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The original Stanford Stadium opened in 1921. It became an almost entirely enclosed bowl after expansions in 1927 raised seating to 85,500. The attendance record of 94,000 was set during a 1935 game against California.
Stanford Stadium has hosted many events aside from Cardinal football games, including Super Bowl XIX, men's and women's World Cup soccer matches and even a Herbert Hoover presidential nomination by the Republican Party in 1928.
The stadium was demolished in 2005 and rebuilt as a more intimate, modern facility. The track was eliminated in the new design to help improve sightlines, and officials wanted a smaller seating capacity (50,000) to help increase season ticket sales. As explained in Stanford Magazine, an alumni publication: "The two-tier design creates a smaller 'bowl,' which brings everyone closer to the action. The nearest fans are only 45 feet from the sideline. The 50,000 figure was conceived by Athletics Department officials to create more demand for tickets, and to pump up the home-field advantage that a full house produces." The $100 million project was completed in 10 months and ready in time for the 2006 home opener against Navy.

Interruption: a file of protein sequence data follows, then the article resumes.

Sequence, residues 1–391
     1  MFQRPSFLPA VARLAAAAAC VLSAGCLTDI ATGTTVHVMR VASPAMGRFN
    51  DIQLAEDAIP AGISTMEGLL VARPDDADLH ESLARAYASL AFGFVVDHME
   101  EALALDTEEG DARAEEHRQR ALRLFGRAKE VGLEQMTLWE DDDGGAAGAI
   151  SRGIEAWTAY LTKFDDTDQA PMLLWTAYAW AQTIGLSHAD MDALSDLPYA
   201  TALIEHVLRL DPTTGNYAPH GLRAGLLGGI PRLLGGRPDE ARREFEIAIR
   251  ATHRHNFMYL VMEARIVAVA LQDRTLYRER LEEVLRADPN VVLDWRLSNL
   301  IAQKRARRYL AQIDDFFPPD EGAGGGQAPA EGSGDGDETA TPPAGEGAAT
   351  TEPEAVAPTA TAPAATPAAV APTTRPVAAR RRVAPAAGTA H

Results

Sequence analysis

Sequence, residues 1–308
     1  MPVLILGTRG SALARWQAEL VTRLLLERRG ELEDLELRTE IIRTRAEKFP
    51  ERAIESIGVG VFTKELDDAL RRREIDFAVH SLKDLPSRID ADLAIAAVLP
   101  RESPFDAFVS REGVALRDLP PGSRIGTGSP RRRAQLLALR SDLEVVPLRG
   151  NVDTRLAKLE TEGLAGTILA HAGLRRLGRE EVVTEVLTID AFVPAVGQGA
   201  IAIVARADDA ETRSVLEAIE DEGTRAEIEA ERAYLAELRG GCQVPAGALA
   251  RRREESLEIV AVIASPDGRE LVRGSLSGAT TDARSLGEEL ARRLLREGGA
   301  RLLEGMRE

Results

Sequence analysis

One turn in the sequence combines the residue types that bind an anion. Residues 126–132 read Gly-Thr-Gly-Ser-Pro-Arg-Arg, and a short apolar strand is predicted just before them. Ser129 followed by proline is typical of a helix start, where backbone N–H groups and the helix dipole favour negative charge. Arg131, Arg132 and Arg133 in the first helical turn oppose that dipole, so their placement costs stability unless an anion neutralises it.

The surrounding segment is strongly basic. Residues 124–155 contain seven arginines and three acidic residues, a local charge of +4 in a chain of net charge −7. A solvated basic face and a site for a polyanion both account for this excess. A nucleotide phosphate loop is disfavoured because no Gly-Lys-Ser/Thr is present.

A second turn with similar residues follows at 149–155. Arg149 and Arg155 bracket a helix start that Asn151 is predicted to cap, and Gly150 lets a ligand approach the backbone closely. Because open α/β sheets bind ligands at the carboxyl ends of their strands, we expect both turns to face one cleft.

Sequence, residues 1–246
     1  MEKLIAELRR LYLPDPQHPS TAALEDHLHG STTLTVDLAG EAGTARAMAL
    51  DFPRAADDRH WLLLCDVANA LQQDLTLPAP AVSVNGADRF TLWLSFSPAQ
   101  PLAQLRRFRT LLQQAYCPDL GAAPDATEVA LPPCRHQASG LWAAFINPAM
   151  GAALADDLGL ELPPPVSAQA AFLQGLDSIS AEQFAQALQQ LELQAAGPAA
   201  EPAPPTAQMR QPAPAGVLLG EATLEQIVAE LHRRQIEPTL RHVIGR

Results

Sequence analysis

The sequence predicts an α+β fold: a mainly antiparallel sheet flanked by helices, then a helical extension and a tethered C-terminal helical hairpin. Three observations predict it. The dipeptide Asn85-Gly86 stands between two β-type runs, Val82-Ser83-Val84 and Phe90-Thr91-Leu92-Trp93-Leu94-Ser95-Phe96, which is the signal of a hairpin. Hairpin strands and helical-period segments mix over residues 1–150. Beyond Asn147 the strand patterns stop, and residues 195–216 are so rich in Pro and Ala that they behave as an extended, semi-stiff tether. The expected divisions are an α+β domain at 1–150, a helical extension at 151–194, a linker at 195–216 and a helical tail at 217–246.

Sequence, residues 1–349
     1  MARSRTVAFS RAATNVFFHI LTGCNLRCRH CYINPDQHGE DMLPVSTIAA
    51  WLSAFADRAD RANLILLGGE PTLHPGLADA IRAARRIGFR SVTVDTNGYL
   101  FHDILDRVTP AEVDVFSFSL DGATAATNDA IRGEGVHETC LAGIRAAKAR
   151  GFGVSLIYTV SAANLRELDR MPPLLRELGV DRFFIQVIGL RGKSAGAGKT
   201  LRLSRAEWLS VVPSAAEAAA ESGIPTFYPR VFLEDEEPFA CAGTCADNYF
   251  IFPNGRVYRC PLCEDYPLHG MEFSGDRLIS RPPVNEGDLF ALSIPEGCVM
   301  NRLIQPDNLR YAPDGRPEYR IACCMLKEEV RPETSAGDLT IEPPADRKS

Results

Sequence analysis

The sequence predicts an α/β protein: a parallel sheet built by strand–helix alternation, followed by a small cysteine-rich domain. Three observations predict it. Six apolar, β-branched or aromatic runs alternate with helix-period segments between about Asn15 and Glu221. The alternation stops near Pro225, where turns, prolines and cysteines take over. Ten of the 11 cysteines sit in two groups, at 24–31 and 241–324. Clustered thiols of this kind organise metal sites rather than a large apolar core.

Stanford did not have an official nickname until Indians was adopted in 1930. The name was dropped in 1972 after Native American students met with school officials to voice concerns that the name was insulting to their culture. Attempts to reestablish the nickname failed. From 1972 until 1981, Stanford's nickname was Cardinals, referring to a school color and not the bird. In 1981, the "s" was dropped from the moniker and school president Donald Kennedy made the nickname Cardinal official.
Stanford does not have an official mascot, but the "Tree" is a member of the Stanford band and represents the Redwood, which is the logo of hometown Palo Alto and is on the university's seal. The Tree has often been voted among the worst mascots in the country and has had a few incidents of disrupting games.
The Stanford Axe, awarded annually to the winner of The Big Game between Stanford and Cal, dates to 1899. Cal stole the axe that year and kept it closely guarded until 1930, when a group of Stanford students, forever known as The Immortal 21, took it back at Cal's annual axe rally. Three years later, the schools' presidents decided to award the iconic chopper to the winner of the annual rivalry game.
Like several other schools, the Stanford football team participates in a pregame walk. The Walk started in the 1950s and the Stanford band leads the team from the Arrillaga Family Sports Center to the stadium approximately 80 minutes before kickoff.
Expectations rise after a program wins three national titles in four years. ESPN college football reporter Chris Low joins Jim Basquil to offer a snapshot of Nick Saban's tenure in Tuscaloosa and where Alabama goes from here.